“I can’t,” said the old creature.  So the girl gave away one of her stout sticks, and the creature hobbled contentedly off.

The woods grew darker.  Then – in a patch of brilliant sun, a clearing ringed by oak and linden – the smooth trickster stepped from behind a tree, man or woman it was hard to tell and how could it matter? “What do you carry, so carefully and so close, in that fine basket?” asked the trickster.

“It’s mine,” the girl said.

“Until it’s mine,” said the trickster, making a leap and a lunge. But the girl was ready, and struck out with the second stout stick. The stick broke in two, the smooth trickster disappeared into a shower of grit and ash.  The girl journeyed on.

It grew cold in the dark woods, it grew late; the girl covered herself with the hooded cape, not red but the colors of the forest floor, a patchy brown and cinnamon and grey, a drift of leaves and litter.  She slept curled carefully around her basket.  In the morning, it was gone.

Dumbfounded, the girl felt the emptiness where the basket had been.  She searched everywhere, but it had disappeared. The girl missed the burden she had carried; without the burden, what sense was there in carrying on? The girl lay down in the drift of leaves and litter, and covered her face with the cape. She slept a sleep so deep it was like dying.

When at last she woke, it was to the sight of the cape hung on a bent nail, the two stout sticks, crossed and waiting by the door; the basket.  It was but dawn, she had dreamed it all, she had yet to begin her journey. The girl lay watching the sun draw shadows on the wall. Knowing what she knows – for the dream was a true one – does she get up, put on the cape, take up the basket and the sticks, and set out into the dark woods? If she does, she will be robbed by some unknown circumstance of everything she holds dear.  If she does not, the old creature will have no aid, the trickster will remain unvanquished. What should she do? What would you?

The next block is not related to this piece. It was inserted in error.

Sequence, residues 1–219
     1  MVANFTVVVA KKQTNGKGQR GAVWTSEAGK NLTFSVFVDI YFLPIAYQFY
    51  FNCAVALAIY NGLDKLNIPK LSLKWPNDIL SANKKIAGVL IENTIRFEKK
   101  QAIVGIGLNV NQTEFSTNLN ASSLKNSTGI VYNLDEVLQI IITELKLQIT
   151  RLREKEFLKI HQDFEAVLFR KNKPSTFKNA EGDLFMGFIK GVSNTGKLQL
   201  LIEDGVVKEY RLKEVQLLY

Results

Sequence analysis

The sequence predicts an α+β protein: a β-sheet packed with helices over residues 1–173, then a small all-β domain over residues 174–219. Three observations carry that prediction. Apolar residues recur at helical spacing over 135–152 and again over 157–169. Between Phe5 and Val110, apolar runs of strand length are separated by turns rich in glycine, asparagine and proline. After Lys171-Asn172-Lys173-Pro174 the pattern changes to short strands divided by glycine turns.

The sun rises higher, the shadows dance merrily on the wall of the hut.  It will be a fine day, for walking or not.

Have YOU achieved maximum readability? Wednesday, Nov 11 2009 

From a newsletter stylebook:

How to calculate readability:

Count the total number of words in the story.

Count the total number of words with less than five letters.

If 70% of the copy has words of five letters or less, it is very readable!

Italics mine.  Also mine is the four-letter word expectorated (read: spit out) after absorbing this advice.  I guess it works OK if you’re a jar of pasta sauce or a stop sign, though.